By Marissa Branson
As young middle class Americans, we are bombarded with news regularly and the reminder that evil, corruption, and tragedy are everywhere. It’s right at our fingertips, all over our newsfeeds.
The New York Times published an article in 2014 calling millennials “Generation Nice.” We are a conscious generation who are passionate about a multitude of social issues and desire a world that stands for justice and equality.
But a few months ago, I had a surprising conversation. A student told me she didn’t believe in protests because the Bible commands us to obey authority, making civil disobedience sinful.
Her comment got me thinking about when and if Christians should participate in dissent, whether it be in a school, the workplace, or the government. Should we participate in civil disobedience when an institution is in the wrong?
On the one hand, we are told to obey authority in Romans 13. God puts people in positions of authority and we should respect them, in any given institution. To respect someone means to give them the dignity they deserve as someone made in the image of God. It means in appropriate times, willingly submitting yourself to that person’s authority.
However, to respect does not mean to have complete trust in a person or an institution. It does not mean you cannot challenge or question someone in authority, especially when you see that others are suffering because of the actions and choices of those in authority.
At Providence, engagement with culture and community is valued. Sometimes to be engaged means to dissent. Civil disobedience is necessary when institutions are in the wrong and have not changed after the official outlets of communications and representation have been exhausted.
Bree Newsome is a great example of this. An African American filmmaker and activist, she is best known for scaling the 30 foot flagpole on South Carolina’s State Capitol grounds and removing the confederate flag on June 27, 2015. According to Democracy Now, as police shouted at her to come down, she said, “You come against me with hatred and oppression and violence. I come against you in the name of God. This flag comes down today!” She was arrested when she reached the ground.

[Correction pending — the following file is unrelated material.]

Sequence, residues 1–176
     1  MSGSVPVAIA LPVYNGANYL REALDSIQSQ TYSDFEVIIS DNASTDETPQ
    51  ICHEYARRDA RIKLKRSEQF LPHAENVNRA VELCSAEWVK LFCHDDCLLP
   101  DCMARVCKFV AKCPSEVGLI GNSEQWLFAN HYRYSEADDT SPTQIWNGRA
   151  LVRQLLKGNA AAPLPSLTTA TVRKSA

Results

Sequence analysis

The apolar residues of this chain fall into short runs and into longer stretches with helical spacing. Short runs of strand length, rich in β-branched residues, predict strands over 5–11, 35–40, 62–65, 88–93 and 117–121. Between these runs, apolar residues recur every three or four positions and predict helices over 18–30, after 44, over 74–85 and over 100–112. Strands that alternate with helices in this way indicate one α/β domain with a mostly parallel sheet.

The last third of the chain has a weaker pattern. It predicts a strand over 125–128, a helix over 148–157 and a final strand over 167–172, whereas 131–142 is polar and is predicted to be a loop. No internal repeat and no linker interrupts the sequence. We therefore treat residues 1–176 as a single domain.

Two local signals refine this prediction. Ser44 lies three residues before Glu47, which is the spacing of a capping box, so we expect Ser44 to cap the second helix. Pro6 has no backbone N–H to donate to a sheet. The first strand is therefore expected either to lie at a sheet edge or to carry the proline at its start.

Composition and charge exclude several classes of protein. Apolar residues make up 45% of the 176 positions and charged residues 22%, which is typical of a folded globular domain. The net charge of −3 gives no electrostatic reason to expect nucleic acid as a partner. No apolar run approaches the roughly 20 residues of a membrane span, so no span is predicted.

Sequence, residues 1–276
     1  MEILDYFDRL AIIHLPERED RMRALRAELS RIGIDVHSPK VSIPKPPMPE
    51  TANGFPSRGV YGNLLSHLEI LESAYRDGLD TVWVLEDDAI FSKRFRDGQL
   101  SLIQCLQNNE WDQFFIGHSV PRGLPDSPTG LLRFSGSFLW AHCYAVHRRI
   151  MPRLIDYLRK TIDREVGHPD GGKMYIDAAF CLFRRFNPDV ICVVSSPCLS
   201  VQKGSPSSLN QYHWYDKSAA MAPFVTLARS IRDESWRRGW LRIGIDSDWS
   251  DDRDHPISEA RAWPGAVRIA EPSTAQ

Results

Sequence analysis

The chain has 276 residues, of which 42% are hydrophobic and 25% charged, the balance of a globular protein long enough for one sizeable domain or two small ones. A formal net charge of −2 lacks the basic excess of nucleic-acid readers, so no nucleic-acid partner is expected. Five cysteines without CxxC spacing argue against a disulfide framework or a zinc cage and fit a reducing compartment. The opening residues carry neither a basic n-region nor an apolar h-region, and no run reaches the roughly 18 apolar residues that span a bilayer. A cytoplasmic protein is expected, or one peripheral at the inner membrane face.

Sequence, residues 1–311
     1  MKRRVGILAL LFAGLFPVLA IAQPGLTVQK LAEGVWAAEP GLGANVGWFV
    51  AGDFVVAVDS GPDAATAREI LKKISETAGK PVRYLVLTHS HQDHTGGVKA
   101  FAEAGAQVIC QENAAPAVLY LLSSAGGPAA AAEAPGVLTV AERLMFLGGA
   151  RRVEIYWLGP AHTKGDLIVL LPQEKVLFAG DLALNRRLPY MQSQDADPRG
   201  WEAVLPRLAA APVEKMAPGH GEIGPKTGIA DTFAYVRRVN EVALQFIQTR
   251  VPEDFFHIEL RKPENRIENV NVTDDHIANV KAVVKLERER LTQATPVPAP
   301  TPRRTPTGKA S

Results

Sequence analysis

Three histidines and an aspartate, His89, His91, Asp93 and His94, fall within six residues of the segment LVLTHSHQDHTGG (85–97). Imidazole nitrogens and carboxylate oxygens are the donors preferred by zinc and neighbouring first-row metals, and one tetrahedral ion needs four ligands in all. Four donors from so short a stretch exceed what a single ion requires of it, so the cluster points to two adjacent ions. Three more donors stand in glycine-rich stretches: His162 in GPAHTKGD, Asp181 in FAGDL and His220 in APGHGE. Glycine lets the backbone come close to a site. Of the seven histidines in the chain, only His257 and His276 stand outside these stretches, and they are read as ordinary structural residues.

Newsome disobeyed authority. She did this after the state of SC repeatedly refused to take down a flag that, to African Americans, stood as a historical symbol of oppression.
A month later, on June 10, 2015, the flag was permanently removed due to social and political pressure from her act after it went viral online. The flag’s removal was a move toward healing the history of oppression against African Americans.
Many of us would be too afraid to do what Newsome did. Some Christians would even call her wrong.
Over 50 years ago, Martin Luther King Jr. wrote that the real enemy of the movement for equality was the white moderates, those who preferred order to justice. This is still so relevant! Too often, people use the argument for obeying authority as an excuse to not get involved, to avoid tensions, hurting anyone’s feelings, or inconvenience. Yes, accepting the status quo is easier than asking questions and facing problems.
However, the gospel is about God redeeming the earth to an everlasting shalom. Jesus came into the world to “bind up the brokenhearted, to proclaim freedom for the captives, and release from darkness the prisoners” (Is. 61:1). Then the passage continues, “For I the LORD love justice; I hate robbery and wrongdoing” (61:8). These are one of many examples of the Bible’s message of justice, peace, and equality. Jesus’ work is revolutionary.
As millennials, we care about making the world better. At the same time, we tend to be lazy with short attention spans, glued to our phones and looking for the next thrill. We don’t want to upset people or cause problems because we’re too nice (and afraid).
But there is too much going on in the world to have that kind of attitude. Don’t let excuses get in your way. Don’t stop caring, questioning, and challenging. Whether it be in your community, your school, your work, your government, be a peacemaker in the sense that MLK said it, “a positive peace which is the presence of justice.”
Marissa Branson is an alumni of Providence Christian College. Branson is currently in her first year of the MFA in Fiction program at Cal State, Long Beach. She is currently writing short stories about loss and love. Branson currently maintains employment at South West Los Ángeles College as a writing tutor and supplemental instructor.